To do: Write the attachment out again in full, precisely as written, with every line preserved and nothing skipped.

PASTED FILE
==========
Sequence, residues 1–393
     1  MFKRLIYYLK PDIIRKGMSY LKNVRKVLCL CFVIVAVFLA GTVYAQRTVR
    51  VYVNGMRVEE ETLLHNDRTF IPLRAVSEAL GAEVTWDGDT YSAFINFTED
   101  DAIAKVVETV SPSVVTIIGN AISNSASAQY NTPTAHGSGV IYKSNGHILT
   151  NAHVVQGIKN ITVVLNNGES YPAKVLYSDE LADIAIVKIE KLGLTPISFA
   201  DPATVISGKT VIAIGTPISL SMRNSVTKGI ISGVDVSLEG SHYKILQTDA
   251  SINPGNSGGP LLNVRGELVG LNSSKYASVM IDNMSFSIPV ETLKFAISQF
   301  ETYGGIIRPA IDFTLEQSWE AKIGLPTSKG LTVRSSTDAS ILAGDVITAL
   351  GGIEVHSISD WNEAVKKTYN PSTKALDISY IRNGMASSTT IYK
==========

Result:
Sequence, residues 1–393
     1  MFKRLIYYLK PDIIRKGMSY LKNVRKVLCL CFVIVAVFLA GTVYAQRTVR
    51  VYVNGMRVEE ETLLHNDRTF IPLRAVSEAL GAEVTWDGDT YSAFINFTED
   101  DAIAKVVETV SPSVVTIIGN AISNSASAQY NTPTAHGSGV IYKSNGHILT
   151  NAHVVQGIKN ITVVLNNGES YPAKVLYSDE LADIAIVKIE KLGLTPISFA
   201  DPATVISGKT VIAIGTPISL SMRNSVTKGI ISGVDVSLEG SHYKILQTDA
   251  SINPGNSGGP LLNVRGELVG LNSSKYASVM IDNMSFSIPV ETLKFAISQF
   301  ETYGGIIRPA IDFTLEQSWE AKIGLPTSKG LTVRSSTDAS ILAGDVITAL
   351  GGIEVHSISD WNEAVKKTYN PSTKALDISY IRNGMASSTT IYK